Breakfast with Solomon - Proverbs 21:14
"A gift in secret subdues anger, and a bribe in the bosom, strong wrath"
This is the Hebrew word ap which means nose, nostril, anger. The original idea seems to be that the nose flares when the person is angry. So the Hebrew language gave the idea of anger to that facial expression.
When a person is angry, it means that their expectations have not been met. They may have had unrealistic expectations but they held them, and the fact that they are not being met is why they are upset. We do not get upset unless we have an expectation that is being denied or delayed. Solomon is giving us insight into how to work with people who we have blocked, crossed, or wounded their expectation. There must be some positive reason to give up their expectation that is stronger than what they gave up. It is kind of like, "Oh, I would give that up for that gift." Restaurants do this when the service is bad and they give you a free meal. Airlines do this when they give you a round-trip ticket to compensate for some problem with the flight. When you say, “I got the better deal,” your anger is gone. The expectation has been trumped.
What Solomon also seems to be saying is that there is almost always a gift or reward that is more valuable than the expectation. So if you have hurt, wounded, or blocked someone from their expectation, then find an appropriate gift or reward so that the person can get over having to let go of that expectation.
This is a standard Hebrew word mattan for gift. It also means reward.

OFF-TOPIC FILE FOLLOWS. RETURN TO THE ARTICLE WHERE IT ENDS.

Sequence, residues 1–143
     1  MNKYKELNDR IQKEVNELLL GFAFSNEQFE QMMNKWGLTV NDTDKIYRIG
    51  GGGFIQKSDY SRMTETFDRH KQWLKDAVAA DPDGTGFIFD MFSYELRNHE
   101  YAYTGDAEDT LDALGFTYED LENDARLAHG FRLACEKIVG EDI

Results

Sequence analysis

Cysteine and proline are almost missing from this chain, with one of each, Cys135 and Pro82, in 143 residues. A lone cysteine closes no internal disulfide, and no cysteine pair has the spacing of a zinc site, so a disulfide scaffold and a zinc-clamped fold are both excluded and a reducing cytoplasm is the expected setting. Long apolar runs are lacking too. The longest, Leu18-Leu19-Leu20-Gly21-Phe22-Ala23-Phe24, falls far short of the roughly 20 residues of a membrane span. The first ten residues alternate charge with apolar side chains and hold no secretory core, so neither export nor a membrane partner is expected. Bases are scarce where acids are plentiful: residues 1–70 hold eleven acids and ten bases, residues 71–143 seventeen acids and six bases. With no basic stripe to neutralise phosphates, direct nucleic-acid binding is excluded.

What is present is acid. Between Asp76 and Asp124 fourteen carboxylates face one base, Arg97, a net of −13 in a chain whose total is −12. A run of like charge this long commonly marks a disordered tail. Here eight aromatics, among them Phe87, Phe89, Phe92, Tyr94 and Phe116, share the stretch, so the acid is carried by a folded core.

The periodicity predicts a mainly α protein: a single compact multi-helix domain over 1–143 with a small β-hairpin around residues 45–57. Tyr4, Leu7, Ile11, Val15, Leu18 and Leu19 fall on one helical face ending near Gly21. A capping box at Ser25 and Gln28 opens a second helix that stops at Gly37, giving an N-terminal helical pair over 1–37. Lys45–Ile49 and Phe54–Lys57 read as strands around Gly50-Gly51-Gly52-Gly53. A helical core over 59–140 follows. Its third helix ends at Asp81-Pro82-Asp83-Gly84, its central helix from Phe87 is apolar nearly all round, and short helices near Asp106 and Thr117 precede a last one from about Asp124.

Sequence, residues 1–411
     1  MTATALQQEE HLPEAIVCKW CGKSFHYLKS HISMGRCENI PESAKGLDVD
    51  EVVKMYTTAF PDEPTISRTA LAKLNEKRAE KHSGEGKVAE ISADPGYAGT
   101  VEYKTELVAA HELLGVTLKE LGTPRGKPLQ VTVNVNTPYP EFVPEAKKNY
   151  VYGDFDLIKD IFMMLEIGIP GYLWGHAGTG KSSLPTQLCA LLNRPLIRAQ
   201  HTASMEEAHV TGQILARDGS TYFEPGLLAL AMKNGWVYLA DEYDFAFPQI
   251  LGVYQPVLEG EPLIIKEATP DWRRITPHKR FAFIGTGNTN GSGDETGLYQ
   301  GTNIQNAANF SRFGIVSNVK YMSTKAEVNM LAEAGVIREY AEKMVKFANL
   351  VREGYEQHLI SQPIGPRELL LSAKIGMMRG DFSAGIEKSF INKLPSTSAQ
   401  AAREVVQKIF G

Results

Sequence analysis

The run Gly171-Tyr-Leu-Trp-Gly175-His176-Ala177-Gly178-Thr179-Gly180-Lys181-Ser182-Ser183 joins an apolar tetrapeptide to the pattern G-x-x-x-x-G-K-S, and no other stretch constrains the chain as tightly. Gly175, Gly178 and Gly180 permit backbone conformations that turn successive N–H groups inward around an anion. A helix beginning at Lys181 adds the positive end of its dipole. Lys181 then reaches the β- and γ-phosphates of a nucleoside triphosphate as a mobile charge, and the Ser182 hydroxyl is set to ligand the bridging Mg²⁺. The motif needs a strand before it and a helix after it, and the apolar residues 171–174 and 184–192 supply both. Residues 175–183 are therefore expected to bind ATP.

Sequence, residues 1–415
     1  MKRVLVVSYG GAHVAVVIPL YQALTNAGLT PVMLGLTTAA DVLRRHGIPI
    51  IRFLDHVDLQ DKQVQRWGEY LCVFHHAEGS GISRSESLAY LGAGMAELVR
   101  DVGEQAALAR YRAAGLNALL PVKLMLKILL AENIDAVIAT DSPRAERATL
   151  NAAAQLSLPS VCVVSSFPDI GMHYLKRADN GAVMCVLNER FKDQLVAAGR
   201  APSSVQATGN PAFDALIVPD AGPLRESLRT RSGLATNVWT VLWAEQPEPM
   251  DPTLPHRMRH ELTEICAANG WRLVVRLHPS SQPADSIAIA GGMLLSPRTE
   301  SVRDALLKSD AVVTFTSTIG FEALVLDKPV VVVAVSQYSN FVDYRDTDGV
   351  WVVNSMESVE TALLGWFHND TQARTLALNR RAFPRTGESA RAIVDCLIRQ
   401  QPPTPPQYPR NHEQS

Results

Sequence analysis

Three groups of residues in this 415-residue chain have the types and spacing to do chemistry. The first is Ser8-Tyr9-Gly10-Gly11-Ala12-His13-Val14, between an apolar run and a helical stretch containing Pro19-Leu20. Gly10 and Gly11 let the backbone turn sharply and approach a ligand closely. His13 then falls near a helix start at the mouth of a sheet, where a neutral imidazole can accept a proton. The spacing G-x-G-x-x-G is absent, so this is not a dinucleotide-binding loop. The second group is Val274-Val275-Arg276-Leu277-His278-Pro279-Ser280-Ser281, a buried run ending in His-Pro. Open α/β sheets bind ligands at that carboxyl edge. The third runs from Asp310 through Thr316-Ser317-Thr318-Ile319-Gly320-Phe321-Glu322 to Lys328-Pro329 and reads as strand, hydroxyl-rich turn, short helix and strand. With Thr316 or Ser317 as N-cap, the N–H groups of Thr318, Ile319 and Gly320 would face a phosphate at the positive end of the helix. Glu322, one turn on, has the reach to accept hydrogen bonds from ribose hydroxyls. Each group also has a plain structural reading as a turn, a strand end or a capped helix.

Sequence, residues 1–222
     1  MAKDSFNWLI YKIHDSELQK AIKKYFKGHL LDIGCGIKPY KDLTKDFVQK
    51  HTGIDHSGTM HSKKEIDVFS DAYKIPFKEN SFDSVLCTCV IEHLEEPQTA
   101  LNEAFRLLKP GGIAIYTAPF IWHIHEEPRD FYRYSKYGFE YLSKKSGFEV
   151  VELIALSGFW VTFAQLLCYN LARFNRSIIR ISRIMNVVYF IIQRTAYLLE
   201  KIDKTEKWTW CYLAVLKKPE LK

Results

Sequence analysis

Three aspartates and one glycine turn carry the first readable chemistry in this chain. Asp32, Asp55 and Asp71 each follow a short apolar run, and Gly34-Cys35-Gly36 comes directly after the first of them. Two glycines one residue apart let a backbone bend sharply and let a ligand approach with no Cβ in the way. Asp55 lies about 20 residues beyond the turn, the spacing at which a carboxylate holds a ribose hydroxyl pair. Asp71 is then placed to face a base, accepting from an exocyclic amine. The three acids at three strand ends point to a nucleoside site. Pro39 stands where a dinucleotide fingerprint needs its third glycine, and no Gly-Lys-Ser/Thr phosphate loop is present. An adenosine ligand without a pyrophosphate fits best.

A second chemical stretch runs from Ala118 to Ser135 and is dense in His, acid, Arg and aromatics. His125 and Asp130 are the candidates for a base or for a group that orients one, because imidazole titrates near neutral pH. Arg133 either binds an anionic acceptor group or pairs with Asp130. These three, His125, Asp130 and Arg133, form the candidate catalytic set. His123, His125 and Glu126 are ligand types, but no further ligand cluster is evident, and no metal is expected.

This is the Hebrew word seter which means hidden place or hiding place, hide, or conceal. Solomon suggests that a person is much more willing to let go of their anger if there is a reward for doing so and if that reason is not broadcast. If people constantly make an open deal about what they will receive for releasing their anger, then they will often feel that they are being bought off or that they are being manipulated. But if the reward is concealed or behind the scenes, then it is easier to let go of one's anger.
Think about the people who are mad at you. What expectations have you blocked or denied in their lives? Is there any way that you could make it up to them for the sacrifice that they have made? Usually there is. This type of behavior is a way or thanking them for the sacrifice that they made or were forced to endure.
We see a negative expression of this type of behavior when celebrities or politicians give large sums of money to a person who has been victimized by them. They do not press charges because they have received a million dollars or more.
This is the Hebrew word sohad which means bribe, gift, or present. Because of the strong negative connotations to the word bribe and even prescriptions against this practice in the moral code of the Old and New Testaments, it might have been better to have used a different word like present. But Solomon is clearly saying that these presents or rewards work to reduce the pain and anger of broken, blocked, or delayed expectations.
This is two words – strong and wrath. The word wrath is heat, hot displeasure, anger, wrath. It represents a level of anger that is beyond the first kind of anger.
One would not expect to find this information in the Bible, but one would find this tool in a book about effective leadership and the necessities of statecraft. Solomon is writing under the inspiration of the Holy Spirit and included this information because it is true and can be useful at times in subduing people's anger. It is not always wrong to do this. In fact it is often right to do this. Think about your field of endeavor: business, food, service. What is it that you can give away to appease people's anger when you blow it? Be ready because you will have this happen. And it is important to be prepared. This also happens when a company needs to let someone go, and it will create lots of anger and pain. A generous severance is a way to allow the separation to go smoothly.